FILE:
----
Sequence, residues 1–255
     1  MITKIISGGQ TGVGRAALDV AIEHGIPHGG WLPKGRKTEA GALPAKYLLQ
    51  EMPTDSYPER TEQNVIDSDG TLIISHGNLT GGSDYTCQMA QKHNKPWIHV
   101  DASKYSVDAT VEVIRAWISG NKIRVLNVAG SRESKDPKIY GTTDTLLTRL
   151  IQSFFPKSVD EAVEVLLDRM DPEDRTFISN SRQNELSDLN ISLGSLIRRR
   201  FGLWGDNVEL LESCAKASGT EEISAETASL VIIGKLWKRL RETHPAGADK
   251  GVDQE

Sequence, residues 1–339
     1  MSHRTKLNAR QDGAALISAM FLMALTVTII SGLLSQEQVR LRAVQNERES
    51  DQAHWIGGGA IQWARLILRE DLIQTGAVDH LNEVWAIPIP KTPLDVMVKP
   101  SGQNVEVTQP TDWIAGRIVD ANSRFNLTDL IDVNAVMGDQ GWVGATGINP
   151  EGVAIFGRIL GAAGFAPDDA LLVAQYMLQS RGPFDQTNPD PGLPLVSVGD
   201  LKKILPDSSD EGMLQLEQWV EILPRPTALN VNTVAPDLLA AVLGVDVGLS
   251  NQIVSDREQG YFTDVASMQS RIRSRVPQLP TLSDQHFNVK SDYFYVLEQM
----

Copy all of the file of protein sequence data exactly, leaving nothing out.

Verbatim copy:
Sequence, residues 1–255
     1  MITKIISGGQ TGVGRAALDV AIEHGIPHGG WLPKGRKTEA GALPAKYLLQ
    51  EMPTDSYPER TEQNVIDSDG TLIISHGNLT GGSDYTCQMA QKHNKPWIHV
   101  DASKYSVDAT VEVIRAWISG NKIRVLNVAG SRESKDPKIY GTTDTLLTRL
   151  IQSFFPKSVD EAVEVLLDRM DPEDRTFISN SRQNELSDLN ISLGSLIRRR
   201  FGLWGDNVEL LESCAKASGT EEISAETASL VIIGKLWKRL RETHPAGADK
   251  GVDQE

Sequence, residues 1–339
     1  MSHRTKLNAR QDGAALISAM FLMALTVTII SGLLSQEQVR LRAVQNERES
    51  DQAHWIGGGA IQWARLILRE DLIQTGAVDH LNEVWAIPIP KTPLDVMVKP
   101  SGQNVEVTQP TDWIAGRIVD ANSRFNLTDL IDVNAVMGDQ GWVGATGINP
   151  EGVAIFGRIL GAAGFAPDDA LLVAQYMLQS RGPFDQTNPD PGLPLVSVGD
   201  LKKILPDSSD EGMLQLEQWV EILPRPTALN VNTVAPDLLA AVLGVDVGLS
   251  NQIVSDREQG YFTDVASMQS RIRSRVPQLP TLSDQHFNVK SDYFYVLEQM